Today we ask our infamous ten probing questions of Tom Reuner (LinkedIn, @tom_reuner) from HfS Research where Tom Reuner is now the Managing Director of IT Outsourcing Research.
1. What are your coverage areas?
IT and business services. My remit is to drive the HfS research agenda for the “As-a-Service Economy” across SaaS applications, cloud eco-systems and IT. Together with my HfS colleagues I will continue to develop the research around process automation and cognitive computing in both IT and business processes.
2. What are your opinions of the IT Analysis Marketplace and where do you see it going?
As I am getting old, now and then I indulge in memories of the good old days when I started at Gartner. The industry was in its infancy and even my modest knowledge did go a long way. These days an analyst has to be a segment specialist, being able to consult on very specific problems and be perceived as influencer through social media or more traditional means. The ubiquity of social media has not only changed the channels for research but introduced the notion of immediacy. HfS is at the forefront of reinventing the analyst model and that is part of the reason why I opted to join the folks. However, the downside in the industry is the consolidated nature of the analyst space with clients gravitating toward the big brands largely to mitigate risks and play the brand equity game.
3. What’s your typical day like?
Luckily there is no such thing as a typical day. Suffice it to say being German I try to be organized but any schedule is constantly being re-written by clients and industry events. Ever since I had my own analyst firm, the boundaries between work and private life are being blurred as the laptop plays a significant part in both spheres. On “quieter” days when I am not travelling even before the first coffee I check the inbox and on industry events. The morning is mostly spend tracking the industry news flow and talk to clients. In the afternoon I will try hard avoid being a master procrastinator as my lovely wife calls it and work on deliverables.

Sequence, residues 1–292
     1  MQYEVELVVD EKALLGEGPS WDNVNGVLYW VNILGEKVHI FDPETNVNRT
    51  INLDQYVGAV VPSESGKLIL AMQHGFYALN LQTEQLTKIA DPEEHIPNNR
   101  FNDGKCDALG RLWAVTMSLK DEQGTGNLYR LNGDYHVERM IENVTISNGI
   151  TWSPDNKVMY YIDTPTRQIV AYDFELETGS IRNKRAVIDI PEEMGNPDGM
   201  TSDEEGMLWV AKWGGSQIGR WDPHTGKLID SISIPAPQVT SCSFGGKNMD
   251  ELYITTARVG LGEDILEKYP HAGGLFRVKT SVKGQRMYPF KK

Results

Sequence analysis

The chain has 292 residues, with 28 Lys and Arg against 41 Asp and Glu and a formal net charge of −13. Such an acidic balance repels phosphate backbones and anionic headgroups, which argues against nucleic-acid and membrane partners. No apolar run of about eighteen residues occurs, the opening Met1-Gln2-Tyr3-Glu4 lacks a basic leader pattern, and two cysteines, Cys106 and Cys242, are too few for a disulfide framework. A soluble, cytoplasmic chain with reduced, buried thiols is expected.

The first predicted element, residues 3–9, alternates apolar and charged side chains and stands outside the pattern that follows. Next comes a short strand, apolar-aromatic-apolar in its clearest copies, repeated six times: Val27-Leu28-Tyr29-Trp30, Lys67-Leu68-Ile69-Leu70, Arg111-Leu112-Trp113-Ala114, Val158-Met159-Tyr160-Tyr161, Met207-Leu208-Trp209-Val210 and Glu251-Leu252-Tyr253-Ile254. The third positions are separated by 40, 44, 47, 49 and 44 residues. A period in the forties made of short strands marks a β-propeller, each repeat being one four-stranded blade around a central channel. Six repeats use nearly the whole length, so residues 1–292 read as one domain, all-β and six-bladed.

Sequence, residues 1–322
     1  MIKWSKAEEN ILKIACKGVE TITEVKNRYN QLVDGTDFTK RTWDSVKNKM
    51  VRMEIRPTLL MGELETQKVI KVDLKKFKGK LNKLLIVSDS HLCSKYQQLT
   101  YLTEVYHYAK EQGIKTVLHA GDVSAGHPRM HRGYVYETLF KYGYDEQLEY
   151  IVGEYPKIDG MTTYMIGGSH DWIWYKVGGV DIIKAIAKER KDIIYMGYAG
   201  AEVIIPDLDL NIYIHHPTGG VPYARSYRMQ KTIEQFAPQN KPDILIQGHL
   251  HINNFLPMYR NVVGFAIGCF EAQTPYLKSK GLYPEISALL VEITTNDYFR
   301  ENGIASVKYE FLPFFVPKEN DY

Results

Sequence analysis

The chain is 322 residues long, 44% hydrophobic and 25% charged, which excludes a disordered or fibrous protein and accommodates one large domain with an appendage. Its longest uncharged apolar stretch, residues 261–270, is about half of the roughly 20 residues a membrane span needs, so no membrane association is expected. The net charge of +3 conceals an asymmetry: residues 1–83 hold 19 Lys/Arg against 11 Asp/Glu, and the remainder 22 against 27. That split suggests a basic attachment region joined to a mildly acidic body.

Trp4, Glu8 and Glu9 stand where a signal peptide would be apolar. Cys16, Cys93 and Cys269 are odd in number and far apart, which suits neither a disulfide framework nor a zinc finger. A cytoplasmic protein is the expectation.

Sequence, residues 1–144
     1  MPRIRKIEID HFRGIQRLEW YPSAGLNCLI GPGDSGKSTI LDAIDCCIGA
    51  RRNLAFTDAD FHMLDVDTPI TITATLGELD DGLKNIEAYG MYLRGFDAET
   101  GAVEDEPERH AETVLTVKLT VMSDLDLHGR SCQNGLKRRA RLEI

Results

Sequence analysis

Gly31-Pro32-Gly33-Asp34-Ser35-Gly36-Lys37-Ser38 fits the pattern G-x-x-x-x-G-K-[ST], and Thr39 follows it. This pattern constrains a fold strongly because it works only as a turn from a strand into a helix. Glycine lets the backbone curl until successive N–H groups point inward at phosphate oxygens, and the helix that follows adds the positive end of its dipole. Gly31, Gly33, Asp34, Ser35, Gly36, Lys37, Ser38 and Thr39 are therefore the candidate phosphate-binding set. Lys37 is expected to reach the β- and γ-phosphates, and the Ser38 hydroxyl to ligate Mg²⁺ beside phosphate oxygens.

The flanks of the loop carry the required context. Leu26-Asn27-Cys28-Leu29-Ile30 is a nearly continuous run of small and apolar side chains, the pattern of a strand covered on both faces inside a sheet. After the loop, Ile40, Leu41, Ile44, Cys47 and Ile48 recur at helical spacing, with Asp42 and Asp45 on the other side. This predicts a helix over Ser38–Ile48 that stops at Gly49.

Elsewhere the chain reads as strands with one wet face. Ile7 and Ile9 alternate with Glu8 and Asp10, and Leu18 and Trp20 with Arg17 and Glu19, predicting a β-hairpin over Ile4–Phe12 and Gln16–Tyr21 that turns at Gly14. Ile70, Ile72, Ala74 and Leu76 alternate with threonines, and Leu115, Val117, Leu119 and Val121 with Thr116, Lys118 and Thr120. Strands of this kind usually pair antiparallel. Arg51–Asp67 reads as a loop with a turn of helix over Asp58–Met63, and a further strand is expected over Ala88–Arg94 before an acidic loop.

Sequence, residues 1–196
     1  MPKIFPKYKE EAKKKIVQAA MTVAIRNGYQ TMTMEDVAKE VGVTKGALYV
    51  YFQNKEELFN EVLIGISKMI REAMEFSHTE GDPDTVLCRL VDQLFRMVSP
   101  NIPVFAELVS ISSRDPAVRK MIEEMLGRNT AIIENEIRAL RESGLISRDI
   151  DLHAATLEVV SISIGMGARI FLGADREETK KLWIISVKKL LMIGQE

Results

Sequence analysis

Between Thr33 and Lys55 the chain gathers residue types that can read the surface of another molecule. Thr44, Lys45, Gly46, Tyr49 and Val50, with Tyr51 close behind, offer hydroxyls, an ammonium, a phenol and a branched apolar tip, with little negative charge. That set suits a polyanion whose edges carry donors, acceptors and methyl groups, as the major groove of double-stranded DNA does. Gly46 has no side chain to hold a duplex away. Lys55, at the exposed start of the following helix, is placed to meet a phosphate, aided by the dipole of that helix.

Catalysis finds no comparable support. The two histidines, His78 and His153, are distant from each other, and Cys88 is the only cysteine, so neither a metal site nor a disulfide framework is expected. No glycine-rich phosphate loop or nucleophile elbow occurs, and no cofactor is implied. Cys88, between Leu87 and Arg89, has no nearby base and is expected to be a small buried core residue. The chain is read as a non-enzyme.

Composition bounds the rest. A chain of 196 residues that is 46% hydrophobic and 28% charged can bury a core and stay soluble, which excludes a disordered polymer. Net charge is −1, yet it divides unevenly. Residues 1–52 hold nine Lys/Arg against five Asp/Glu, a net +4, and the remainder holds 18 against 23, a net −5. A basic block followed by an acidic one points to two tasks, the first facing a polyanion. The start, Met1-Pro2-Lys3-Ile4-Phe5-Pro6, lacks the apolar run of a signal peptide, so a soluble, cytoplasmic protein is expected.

4. Now, c’mon, tell me an AR horror story?
The AR community is doing a terrific job battling with their internal stakeholders while feeding the insatiable appetite of us analysts for information and briefings. As for horror stories what happens in the community stays within the community. However, where I roll my eyes when companies or AR folks do a blind or unsophisticated tiering. I have worked for Gartner and I had my own firm. – which represent the extremes in the analyst food chain. Having seen one vendor having seating arrangements at a briefing where the front row was exclusively reserved for Gartner folks regardless whether they even cover the vendor was such an eyebrow moment.
5. How do you position your firm? What is your business model?
As a boutique firm you constantly have to differentiate and to stay ahead of the market. At HfS, we’re the leading analyst authority and knowledge community for the global services industry. We also exist outside of the walls of the CIO’s office and cover business operations, such as finance, HR and supply chain, while most of competitors are still firmly stuck only covering IT and technology speeds and feeds. We actually get deep into the weeds of business processes to understand how they are enabled and optimized by technology. In addition, our knowledge community of more than 100,000 services professionals is a huge differentiator for us as we can constantly test the pulse of our network with our regular surveys (we talk to more than 5,000 buyers of IT and business services a year). Our webcasts get over 1000 people regularly in them and our research and blogs / soundbites are read by thousands of readers everyday. In short we’re as much as media brand these days as we are analyst – service buyers love our insight and networking, while vendors love our strategic guidance, data and influencer over the buyer.